Studies of earthquake early warning methods in California have shown that the warning time would range from a few seconds to a few tens of seconds. ShakeAlert can give enough time to slow trains and taxiing planes, to prevent cars from entering bridges and tunnels, to move away from dangerous machines or chemicals in work environments and to take cover under a desk, or to automatically shut down and isolate industrial systems. Taking such actions before shaking starts can reduce damage and casualties during an earthquake. It can also prevent cascading failures in the aftermath of an event. For example, isolating utilities before shaking starts can reduce the number of fire initiations.

System Goal

The USGS will issue public warnings of potentially damaging earthquakes and provide warning parameter data to government agencies and private users on a region-by-region basis, as soon as the ShakeAlert system, its products, and its parametric data meet minimum quality and reliability standards in those geographic regions. The USGS has set the goal of beginning limited public notifications in 2018. Product availability will expand geographically via ANSS regional seismic networks, such that ShakeAlert products and warnings become available for all regions with dense seismic instrumentation.

Current Status

The West Coast ShakeAlert system is being developed by expanding and upgrading the infrastructure of regional seismic networks that are part of the Advanced National Seismic System (ANSS); the California Integrated Seismic Network (CISN) is made up of the Southern California Seismic Network, SCSN) and the Northern California Seismic System, NCSS and the Pacific Northwest Seismic Network (PNSN). This enables the USGS and ANSS to leverage their substantial investment in sensor networks, data telemetry systems, data processing centers, and software for earthquake monitoring activities residing in these network centers. The ShakeAlert system has been sending live alerts to “beta” users in California since January of 2012 and in the Pacific Northwest since February of 2015.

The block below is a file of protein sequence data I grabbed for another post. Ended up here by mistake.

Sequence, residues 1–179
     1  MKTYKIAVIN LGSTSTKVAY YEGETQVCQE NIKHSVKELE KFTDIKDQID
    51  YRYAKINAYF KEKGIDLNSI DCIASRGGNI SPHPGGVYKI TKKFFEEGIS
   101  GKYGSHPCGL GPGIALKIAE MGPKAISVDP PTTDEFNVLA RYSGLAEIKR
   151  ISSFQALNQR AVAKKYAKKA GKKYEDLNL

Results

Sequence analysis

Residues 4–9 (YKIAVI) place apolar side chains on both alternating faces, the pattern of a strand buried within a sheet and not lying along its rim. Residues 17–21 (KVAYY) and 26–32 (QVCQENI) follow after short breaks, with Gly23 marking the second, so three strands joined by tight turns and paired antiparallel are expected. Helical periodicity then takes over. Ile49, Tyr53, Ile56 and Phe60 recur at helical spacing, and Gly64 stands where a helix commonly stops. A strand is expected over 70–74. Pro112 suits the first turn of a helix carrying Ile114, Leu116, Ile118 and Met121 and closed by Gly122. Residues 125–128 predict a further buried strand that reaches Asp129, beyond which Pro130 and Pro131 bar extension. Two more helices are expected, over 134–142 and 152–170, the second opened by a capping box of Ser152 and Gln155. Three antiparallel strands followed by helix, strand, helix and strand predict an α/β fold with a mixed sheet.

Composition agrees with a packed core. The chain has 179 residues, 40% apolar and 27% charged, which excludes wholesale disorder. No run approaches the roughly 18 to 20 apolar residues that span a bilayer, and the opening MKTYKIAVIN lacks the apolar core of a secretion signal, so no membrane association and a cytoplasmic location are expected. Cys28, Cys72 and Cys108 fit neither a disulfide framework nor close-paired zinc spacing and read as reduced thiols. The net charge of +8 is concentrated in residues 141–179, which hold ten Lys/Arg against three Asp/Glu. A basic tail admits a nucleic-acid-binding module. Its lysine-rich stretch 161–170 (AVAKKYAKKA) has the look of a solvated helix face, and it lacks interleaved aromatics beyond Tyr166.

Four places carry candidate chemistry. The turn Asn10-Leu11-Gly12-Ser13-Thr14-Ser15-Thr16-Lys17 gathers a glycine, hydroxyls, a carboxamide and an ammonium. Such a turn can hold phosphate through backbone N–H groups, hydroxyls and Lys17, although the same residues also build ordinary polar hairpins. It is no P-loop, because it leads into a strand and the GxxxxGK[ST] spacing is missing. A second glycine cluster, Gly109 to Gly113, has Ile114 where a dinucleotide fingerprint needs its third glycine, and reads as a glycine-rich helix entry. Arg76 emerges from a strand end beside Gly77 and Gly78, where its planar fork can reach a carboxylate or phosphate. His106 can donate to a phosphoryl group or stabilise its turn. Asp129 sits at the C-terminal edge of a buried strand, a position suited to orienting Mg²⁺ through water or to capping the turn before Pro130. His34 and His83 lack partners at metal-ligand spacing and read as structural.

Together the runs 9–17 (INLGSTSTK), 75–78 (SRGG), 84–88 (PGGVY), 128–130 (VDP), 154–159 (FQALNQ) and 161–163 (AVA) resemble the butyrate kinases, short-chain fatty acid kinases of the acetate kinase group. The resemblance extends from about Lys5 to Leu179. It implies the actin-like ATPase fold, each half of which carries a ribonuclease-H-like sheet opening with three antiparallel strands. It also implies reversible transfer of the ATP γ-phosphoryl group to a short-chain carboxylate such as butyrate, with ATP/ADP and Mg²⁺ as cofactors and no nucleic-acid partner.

In February of 2016 the USGS, along with its partners, rolled-out the next-generation ShakeAlert early warning test system in California joined by Oregon and Washington in April 2017. This West Coast-wide “production prototype” has been designed for redundant, reliable operations. The system includes geographically distributed servers, and allows for automatic fail-over if connection is lost.

This next-generation system will not yet support public warnings but does allow selected early adopters to develop and deploy pilot implementations that take protective actions triggered by the ShakeAlert notifications in areas with sufficient sensor coverage.


The USGS will develop and operate the ShakeAlert system, and issue public notifications under collaborative authorities with FEMA, as part of the National Earthquake Hazard Reduction Program, as enacted by the Earthquake Hazards Reduction Act of 1977, 42 U.S.C. §§ 7704 SEC. 2.

For More Information

Robert de Groot, ShakeAlert National Coordinator for Communication, Education, and Outreach

Learn more about EEW Research

ShakeAlert Fact Sheet

ShakeAlert Implementation Plan